Over 200 members of the Indian Jewish Bnei Menashe community have made Aliyah (immigrated) to Israel following the October 7th attack and have been called up for either reserve or active combat duty, as announced by the Shavei Israel nonprofit on Monday. Seventy-five of these recent immigrants from India have enlisted in combat units, while 140 were called up for reserve service across Israel.
Shavei Israel, a Jerusalem-based nonprofit founded by Michael Freund, is dedicated to ‘strengthening ties between Diaspora communities worldwide and the State of Israel’. For over two decades, the organization has lobbied for the mass immigration of the Bnei Menashe community, who claim to be descendants of one of the Lost Tribes of Israel.
Freund in May told The Jerusalem Post that “there are a total of about 5,000 Menashe people left in India who have been requesting to immigrate to Israel for many years.”
According to Shavei Israel, 99% of all men of military age who immigrated from India have joined Israel’s efforts against Hamas, while 90% of women have enrolled in National Service.
One member of the Bnei Menashe community, 26-year-old Natanel Touthang, who serves in the Givati Brigade, was wounded by shrapnel from a Hezbollah rocket fired at Israel’s North.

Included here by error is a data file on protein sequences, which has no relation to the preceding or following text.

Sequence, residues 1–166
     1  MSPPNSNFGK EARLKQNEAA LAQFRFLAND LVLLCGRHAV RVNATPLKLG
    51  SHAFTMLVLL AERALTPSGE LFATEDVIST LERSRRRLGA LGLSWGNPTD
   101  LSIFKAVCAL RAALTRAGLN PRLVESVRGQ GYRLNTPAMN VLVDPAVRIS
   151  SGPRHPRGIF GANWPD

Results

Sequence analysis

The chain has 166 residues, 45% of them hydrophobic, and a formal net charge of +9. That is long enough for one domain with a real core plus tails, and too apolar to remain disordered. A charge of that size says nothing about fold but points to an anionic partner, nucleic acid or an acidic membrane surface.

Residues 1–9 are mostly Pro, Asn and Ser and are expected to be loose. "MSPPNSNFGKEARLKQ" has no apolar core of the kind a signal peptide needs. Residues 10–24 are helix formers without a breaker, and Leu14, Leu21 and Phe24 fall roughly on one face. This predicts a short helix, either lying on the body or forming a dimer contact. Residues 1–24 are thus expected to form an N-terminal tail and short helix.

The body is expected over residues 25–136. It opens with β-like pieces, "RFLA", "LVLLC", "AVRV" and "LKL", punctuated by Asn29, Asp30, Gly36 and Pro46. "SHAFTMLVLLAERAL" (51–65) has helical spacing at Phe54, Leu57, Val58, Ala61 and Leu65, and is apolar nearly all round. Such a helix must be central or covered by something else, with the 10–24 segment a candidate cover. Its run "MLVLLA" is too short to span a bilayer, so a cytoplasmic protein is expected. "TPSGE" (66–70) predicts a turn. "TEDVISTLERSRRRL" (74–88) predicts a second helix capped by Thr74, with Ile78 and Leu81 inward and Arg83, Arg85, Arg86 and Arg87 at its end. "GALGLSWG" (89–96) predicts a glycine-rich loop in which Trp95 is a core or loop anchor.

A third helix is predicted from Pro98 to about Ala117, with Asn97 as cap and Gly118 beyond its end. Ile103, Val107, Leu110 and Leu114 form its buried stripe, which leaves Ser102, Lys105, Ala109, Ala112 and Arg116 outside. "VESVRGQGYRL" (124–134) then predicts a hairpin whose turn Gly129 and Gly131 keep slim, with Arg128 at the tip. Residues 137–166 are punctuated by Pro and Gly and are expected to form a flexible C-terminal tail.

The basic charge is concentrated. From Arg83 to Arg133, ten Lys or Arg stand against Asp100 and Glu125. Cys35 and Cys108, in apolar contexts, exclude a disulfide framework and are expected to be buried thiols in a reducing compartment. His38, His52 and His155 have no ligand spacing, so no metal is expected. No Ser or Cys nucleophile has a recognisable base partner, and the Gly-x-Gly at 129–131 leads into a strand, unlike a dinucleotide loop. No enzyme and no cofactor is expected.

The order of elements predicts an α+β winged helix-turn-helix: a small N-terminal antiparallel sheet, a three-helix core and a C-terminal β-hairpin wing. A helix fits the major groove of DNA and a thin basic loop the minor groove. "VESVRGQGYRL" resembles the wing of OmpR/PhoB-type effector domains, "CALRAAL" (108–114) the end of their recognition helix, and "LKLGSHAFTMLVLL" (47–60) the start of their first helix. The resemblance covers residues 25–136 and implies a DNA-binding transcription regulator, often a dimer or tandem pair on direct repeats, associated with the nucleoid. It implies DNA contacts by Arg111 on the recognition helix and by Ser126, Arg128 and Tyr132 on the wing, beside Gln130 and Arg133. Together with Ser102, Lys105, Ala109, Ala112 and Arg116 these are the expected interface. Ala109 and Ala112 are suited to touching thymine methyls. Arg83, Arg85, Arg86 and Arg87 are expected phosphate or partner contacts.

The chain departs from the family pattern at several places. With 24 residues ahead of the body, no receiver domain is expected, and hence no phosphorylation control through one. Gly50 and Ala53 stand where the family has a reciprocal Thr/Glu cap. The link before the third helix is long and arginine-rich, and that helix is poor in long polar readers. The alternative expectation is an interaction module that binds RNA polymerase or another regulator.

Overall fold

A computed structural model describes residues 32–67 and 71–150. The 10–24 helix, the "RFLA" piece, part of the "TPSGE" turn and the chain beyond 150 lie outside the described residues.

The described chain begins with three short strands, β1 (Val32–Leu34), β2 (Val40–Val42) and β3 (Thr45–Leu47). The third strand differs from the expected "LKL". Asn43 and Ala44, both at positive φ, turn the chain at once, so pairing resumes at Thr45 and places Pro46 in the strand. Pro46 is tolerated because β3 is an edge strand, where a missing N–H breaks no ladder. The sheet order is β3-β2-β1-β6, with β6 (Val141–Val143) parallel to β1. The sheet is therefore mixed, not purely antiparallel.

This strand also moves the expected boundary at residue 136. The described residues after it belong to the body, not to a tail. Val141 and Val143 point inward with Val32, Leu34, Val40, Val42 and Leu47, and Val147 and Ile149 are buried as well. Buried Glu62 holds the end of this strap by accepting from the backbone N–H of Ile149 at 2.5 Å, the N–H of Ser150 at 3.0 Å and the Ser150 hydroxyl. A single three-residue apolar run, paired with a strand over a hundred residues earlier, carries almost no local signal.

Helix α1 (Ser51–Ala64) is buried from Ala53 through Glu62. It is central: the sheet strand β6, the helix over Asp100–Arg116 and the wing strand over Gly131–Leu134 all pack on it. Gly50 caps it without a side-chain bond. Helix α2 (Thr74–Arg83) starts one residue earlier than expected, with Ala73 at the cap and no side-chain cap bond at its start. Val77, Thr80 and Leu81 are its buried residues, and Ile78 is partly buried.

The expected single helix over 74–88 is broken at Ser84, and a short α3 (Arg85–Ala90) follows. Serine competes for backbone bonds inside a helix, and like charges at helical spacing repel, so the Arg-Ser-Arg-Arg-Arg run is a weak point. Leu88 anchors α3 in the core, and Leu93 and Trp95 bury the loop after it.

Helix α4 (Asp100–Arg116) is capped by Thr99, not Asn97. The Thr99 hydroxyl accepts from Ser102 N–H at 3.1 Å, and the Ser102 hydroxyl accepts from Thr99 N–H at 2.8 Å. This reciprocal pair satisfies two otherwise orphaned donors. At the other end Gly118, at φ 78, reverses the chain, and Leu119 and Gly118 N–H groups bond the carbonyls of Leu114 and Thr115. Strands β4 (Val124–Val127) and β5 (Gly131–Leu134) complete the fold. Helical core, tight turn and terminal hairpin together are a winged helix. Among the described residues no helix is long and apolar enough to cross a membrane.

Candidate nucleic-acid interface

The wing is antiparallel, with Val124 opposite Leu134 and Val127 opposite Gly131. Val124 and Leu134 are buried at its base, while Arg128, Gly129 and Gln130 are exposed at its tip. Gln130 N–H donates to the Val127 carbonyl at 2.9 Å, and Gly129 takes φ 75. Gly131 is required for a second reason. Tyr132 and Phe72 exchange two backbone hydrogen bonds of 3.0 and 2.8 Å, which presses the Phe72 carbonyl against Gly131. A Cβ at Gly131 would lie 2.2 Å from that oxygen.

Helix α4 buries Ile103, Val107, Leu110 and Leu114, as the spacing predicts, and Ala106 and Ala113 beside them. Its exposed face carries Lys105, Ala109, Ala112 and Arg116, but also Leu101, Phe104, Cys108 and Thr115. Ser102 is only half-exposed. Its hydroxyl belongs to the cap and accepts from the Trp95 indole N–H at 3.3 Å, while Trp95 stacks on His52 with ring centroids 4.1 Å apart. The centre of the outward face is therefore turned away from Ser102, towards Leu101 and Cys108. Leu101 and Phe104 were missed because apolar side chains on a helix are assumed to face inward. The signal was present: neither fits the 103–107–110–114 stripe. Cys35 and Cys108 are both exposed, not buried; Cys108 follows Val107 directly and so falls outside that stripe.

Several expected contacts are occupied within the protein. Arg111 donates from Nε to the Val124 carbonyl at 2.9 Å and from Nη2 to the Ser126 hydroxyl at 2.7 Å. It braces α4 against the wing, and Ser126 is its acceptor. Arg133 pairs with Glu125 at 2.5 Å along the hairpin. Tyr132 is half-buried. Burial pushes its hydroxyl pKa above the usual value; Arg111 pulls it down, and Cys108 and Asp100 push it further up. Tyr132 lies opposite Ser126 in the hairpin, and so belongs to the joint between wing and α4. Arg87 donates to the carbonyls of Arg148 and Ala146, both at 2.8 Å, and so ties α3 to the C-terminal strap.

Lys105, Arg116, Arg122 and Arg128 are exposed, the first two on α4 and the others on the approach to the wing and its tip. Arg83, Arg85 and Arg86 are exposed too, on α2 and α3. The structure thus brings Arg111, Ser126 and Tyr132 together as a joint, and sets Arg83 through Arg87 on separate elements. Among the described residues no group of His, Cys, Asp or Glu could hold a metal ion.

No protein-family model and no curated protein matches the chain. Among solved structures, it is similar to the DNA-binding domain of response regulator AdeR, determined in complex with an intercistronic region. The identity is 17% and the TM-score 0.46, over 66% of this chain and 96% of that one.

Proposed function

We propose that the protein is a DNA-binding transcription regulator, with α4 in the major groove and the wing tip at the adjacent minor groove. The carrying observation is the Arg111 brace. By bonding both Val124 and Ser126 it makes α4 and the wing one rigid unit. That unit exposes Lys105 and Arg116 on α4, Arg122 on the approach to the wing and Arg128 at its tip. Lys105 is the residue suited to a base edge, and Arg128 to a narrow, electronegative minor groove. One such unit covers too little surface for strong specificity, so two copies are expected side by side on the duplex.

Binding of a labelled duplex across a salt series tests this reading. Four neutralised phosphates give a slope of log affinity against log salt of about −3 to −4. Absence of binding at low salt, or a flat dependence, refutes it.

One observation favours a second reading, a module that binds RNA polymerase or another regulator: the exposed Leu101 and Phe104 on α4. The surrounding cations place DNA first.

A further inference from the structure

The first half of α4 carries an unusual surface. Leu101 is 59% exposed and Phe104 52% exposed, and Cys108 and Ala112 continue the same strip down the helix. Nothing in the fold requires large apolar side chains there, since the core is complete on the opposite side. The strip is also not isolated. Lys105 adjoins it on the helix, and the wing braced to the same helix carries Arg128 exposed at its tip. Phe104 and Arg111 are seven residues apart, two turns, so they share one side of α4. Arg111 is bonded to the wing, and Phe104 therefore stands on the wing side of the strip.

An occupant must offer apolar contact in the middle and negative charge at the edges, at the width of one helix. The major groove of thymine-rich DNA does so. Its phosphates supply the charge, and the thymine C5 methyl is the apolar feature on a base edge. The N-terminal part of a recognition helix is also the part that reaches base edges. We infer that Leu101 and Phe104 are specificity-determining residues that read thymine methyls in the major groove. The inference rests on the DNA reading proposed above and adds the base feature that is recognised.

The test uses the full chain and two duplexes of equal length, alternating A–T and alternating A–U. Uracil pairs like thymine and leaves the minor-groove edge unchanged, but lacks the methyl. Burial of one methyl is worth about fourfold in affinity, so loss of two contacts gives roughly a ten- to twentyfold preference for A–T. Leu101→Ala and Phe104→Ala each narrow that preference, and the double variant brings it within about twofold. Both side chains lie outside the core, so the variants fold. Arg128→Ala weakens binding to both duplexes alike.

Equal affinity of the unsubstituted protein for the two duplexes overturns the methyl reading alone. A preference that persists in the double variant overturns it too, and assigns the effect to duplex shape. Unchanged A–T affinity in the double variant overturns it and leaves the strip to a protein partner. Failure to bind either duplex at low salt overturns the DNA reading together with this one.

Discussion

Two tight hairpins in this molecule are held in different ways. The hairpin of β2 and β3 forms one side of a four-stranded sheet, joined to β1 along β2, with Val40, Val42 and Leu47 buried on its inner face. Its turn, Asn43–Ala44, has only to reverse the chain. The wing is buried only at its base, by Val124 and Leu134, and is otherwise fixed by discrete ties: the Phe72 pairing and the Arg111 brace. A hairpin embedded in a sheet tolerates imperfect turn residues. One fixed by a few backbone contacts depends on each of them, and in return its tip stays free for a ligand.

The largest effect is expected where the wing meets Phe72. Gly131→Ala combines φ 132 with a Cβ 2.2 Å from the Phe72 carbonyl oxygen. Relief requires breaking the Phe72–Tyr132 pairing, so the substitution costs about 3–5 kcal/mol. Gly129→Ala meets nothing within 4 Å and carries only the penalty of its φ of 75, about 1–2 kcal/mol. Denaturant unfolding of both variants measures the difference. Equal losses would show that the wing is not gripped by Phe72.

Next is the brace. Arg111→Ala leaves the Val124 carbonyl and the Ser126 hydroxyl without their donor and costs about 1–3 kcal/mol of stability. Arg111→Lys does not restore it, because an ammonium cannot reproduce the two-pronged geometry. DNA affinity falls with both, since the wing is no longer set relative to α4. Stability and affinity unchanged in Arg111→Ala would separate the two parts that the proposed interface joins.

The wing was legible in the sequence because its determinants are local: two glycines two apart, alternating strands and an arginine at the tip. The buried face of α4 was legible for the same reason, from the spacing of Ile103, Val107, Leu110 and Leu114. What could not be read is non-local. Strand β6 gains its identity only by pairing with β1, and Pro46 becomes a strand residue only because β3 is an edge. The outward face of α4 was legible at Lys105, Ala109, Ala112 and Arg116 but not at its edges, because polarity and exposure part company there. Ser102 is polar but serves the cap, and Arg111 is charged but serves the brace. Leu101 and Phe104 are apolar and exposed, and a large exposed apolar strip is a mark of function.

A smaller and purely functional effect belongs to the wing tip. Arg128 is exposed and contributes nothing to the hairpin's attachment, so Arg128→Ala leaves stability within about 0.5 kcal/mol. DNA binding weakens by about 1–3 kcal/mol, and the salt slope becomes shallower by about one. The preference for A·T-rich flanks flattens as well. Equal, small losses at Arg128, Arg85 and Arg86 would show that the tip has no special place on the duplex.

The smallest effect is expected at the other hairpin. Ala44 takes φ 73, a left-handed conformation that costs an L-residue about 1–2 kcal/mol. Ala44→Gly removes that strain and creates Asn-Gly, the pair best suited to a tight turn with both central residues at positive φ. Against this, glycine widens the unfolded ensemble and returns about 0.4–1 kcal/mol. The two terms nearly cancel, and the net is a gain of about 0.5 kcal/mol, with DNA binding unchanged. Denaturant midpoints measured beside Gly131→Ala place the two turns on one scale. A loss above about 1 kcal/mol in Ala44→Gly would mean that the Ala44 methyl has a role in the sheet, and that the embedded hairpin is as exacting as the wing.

“Since the war broke out, Shavei Israel has received hundreds of requests from young community members in northeastern India asking to make Aliyah immediately,” Freund said. “Not only that – they are asking to join the IDF immediately to fight shoulder to shoulder with their brothers and sisters.”
The Bnei Menashe community, composed of various Tibeto-Burmese ethnic groups from the India-Burma border region, claims descent from one of the Lost Tribes of Israel and has embraced Judaism. The community counts around 10,000 members.
The movement’s origins trace back to 1951 when a tribal leader reported having a dream suggesting that his people’s ancient homeland was Israel. This revelation led some tribal members to begin embracing the idea that they were Jews. Before the movement began, the community was primarily Christian. Bnei Menashe members hail from ethnic groups such as Chin, Kuki, and Mizo, among others.
In the late 20th century, Israeli rabbi Eliyahu Avichail of the group Amishav named these people the “Bnei Menashe” based on their account of descent from Menasseh. While DNA testing in 2003–2004 did not conclusively confirm Middle Eastern ancestry, a Kolkata-based study in 2005 found evidence of maternally descended Near Eastern ancestry, suggesting intermarriage between Near and Middle Eastern peoples over thousands of years.
In the early 21st century, Israel temporarily halted immigration by the Bnei Menashe, but after a change in government policy, the immigration process resumed. The chief rabbi of Israel officially recognized the Bnei Menashe as part of a lost tribe in 2005. Upon completing the formal conversion process, they are allowed Aliyah, or immigration, to Israel.